Tomorrow is a new British ensemble drama film directed by Martha Pinson. The movie tells the interconnected stories of a veteran with PTSD, a man who lives every day like it’s his last, an ambitious business school student, and a struggling artist. It played at the 2019 Gasparilla International Film Festival.
The most frustrating part of this film is that it can never settle on a tone. The movie begins with an intense and shaky wartime battle sequence before becoming a romance film. It can almost be called a romantic comedy, because there are plenty of scenes driven by humor, but there are also intense and dramatic scenes about PTSD. It’s really hard to categorize this movie because it is so all over the place tonally.
The story of the film isn’t as impactful as it should be. In fact, the movie feels like a melodrama that is exploiting the issues at the core of the film to create enjoyment for the audience. The main plot centers around two characters trying to open a restaurant. Then there are romantic subplots and each character has an individual subplot about them coming to terms with their problems. Ultimately, the movie is far more convoluted than it needs to be.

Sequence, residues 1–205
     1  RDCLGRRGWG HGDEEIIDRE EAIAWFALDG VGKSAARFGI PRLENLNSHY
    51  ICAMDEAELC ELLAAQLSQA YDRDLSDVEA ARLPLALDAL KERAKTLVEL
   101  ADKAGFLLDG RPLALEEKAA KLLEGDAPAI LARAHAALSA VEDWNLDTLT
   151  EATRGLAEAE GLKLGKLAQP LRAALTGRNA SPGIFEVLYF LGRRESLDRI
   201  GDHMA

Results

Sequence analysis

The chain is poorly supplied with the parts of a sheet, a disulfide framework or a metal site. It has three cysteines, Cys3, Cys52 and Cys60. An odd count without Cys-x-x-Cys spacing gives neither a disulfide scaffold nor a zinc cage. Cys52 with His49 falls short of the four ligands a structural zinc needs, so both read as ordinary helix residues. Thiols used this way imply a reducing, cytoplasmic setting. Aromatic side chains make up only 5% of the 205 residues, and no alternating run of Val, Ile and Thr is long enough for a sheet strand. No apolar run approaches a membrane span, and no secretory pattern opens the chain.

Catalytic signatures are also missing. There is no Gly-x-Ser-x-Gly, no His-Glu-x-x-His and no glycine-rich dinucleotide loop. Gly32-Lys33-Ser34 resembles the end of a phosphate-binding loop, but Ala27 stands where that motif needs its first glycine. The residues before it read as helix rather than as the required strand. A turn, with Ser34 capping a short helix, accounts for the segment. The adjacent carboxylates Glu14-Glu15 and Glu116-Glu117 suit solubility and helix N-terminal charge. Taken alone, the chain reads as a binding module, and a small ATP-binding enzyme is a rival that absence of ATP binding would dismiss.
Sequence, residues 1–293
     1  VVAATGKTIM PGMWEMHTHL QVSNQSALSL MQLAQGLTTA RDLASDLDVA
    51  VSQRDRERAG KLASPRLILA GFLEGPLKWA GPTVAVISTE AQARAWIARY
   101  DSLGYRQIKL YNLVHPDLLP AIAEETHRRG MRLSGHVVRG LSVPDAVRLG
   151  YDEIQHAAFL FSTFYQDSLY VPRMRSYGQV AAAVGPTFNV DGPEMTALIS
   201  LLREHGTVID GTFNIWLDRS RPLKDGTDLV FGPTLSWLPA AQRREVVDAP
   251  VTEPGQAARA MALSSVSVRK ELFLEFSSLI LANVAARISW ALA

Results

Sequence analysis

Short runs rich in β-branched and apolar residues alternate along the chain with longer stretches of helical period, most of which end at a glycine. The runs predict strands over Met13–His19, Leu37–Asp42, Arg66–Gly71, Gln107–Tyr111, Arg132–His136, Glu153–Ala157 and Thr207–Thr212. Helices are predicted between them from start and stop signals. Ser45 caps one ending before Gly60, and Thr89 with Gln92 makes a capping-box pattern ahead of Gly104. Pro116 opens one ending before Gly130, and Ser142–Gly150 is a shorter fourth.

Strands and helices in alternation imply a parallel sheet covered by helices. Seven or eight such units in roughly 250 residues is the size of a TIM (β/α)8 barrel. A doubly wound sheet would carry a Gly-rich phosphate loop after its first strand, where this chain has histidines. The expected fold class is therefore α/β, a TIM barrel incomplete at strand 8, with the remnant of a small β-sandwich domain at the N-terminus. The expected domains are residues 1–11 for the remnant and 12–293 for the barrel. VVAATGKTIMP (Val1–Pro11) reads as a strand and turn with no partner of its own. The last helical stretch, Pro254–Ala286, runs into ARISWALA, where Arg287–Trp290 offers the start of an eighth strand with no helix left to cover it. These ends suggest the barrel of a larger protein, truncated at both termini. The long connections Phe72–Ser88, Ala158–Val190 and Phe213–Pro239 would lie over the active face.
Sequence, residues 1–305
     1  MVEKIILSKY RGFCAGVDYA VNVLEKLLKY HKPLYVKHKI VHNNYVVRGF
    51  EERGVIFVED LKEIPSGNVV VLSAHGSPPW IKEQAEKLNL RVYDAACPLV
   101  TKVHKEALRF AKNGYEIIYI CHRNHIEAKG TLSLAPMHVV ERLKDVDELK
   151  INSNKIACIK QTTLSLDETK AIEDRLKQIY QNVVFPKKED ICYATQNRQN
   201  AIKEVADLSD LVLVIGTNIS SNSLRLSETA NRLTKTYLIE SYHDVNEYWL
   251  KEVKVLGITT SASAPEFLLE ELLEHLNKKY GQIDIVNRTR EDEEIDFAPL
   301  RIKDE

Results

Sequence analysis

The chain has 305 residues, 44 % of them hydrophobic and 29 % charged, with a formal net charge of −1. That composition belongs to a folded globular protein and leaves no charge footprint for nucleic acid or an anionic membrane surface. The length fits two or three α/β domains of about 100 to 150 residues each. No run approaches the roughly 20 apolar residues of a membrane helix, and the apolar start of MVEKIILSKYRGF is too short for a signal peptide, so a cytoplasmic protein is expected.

One of the problems with the film is that it doesn’t really have enough to say. The movie tries to address all of these interesting themes, the main one being PTSD, but it doesn’t do any of them justice because it bites off more than it can chew. It is an ambitious swing and a miss. Had the film focused on one or even two of the themes with more detail, it would have been much more satisfying and interesting.
That being said, the movie does a very good job of providing the audience with characters with which they will be able to easily sympathize. The protagonist is charming and his sidekick is amusing. The friendship that is developed between the two over the course of the film is interesting to watch. The female characters aren’t as well-developed, particularly the struggling artist, but they are likable nonetheless.
The actors all do a solid job in their roles. Sebastian Street brings a lot of charisma and humanity to the protagonist. He also has great chemistry with Stephanie Leonidas, who is his love interest in the movie. Stuart Brennan is very good too, having a very funny comedic role. His squid impersonation is the single best moment in the film. Additionally, Stephen Fry has a small but effective bit part.
On a technical level, the movie isn’t great, but it is adequate for an independent film. It seems like the entire budget went into the opening battle sequence, and it wasn’t even that impressive. There just isn’t enough happening in the movie aesthetically for it to be of note. Some of the directorial decisions made in the film are somewhat questionable as well.
Overall, Tomorrow was an unexpected movie, but not necessarily in a good way. There are some solid parts here and there, but it mostly falls flat.
Tomorrow played at the 2019 Gasparilla International Film Festival.